The shockwaves from the Massachusetts have just barely settled, and we already have another showdown in a state that’s especially close to the White House: Illinois.
Tuesday’s crowded ballot will test Gov. Pat Quinn’s popularity within his own party a year after he took over the reins from disgraced Gov. Rod Blagojevich, as well as pare down the field for the surprisingly up-for-grabs U.S. Senate seat formerly held by President Barack Obama.
Mix in the shadow of corruption that hangs over the state and an unemployment rate above the national average and even the political professionals aren’t sure what to expect.
“I have no freaking idea what’s going to happen Tuesday,” said Kitty Kurth, a Chicago-based Democratic consultant. “It’s going to be an election that’s going to have people scratching their heads for a week.”
The White House is paying close attention today. It’s a primary close to Obama’s heart, as it’s his former Senate seat that’s up for grabs. Roland Burris wisely decided not to seek reelection, and if a Republican wins that seat, Obama will be bound to take it even harder than Scott Brown’s win.
State Treasurer Alexi Giannoulias is the frontrunner for the Democratic Party, while Representative Matt Kirk is expected to win the Republican nomination. Some conservatives think Kirk is too liberal a Republican, but he seems to be similar to Scott Brown: a fiscal conservative and a social moderate. In these times, that should be good enough for us right now, and regardless, Kirk will likely be the Republican facing Giannoulias anyways. He’s polling well against Giannoulias. There haven’t been many polls yet matching the two of them, but one October poll showed Kirk leading 42-35.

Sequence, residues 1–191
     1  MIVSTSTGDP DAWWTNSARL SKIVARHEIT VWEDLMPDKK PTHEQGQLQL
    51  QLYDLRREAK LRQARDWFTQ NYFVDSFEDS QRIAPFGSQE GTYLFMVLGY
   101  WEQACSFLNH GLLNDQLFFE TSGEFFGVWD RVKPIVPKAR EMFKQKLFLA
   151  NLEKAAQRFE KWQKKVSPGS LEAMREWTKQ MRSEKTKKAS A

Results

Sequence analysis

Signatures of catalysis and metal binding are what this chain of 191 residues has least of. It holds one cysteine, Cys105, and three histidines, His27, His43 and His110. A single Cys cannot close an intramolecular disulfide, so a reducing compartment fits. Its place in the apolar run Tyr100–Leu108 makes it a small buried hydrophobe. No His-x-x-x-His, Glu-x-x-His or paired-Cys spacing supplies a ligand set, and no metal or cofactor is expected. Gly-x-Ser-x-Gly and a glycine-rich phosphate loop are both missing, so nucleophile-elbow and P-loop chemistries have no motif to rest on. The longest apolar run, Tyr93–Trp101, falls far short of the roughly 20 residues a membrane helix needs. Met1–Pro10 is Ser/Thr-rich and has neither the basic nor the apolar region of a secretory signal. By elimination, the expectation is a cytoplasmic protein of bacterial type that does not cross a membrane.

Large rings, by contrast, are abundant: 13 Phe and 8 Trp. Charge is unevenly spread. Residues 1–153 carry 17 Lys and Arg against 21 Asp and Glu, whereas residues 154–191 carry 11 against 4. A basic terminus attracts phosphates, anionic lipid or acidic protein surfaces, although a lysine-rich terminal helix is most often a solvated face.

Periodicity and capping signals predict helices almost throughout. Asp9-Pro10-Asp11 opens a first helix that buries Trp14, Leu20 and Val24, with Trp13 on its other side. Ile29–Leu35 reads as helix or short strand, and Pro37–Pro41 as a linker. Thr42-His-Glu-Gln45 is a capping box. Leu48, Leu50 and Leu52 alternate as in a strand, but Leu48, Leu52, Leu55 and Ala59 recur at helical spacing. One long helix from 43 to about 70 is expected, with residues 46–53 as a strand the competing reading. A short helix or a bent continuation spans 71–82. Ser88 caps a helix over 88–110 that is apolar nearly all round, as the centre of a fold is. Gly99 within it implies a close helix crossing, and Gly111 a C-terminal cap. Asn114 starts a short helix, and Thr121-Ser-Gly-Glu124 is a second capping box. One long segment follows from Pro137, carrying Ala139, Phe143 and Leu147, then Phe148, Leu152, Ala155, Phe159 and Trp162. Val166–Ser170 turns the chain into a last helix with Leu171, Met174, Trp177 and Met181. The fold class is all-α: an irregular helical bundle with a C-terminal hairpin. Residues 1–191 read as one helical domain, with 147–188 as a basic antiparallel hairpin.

In the race for the governer’s mansion, things are a big more unclear. Rasmussen showed State Comptroller Dan Hynes leading Gov. Pat Quinn. The race is likely to be a toss-up for the Democrats, but what about for Republicans? The tea party candidate is clearly Adam Andrzejewski. A PPP poll showed him trailing State Sen. Kirk Dillard by 8 points. He’s been touting an internal poll showing him trailing by only 2 points on Sunday, though. He also scored the endorsement of Lech Walesa, former president of Poland, a big win in Chicago. Dillard is the most moderate of all the Republicans running, and ads are showing clips of him praising Obama. I’d like to believe that Andrzejewski will pull it out, but it still seems unlikely.
Today’s results won’t have the weight that the Massachusetts election did — it is only a primary, after all, but it will serve as a harbinger of what is to come in Illinois.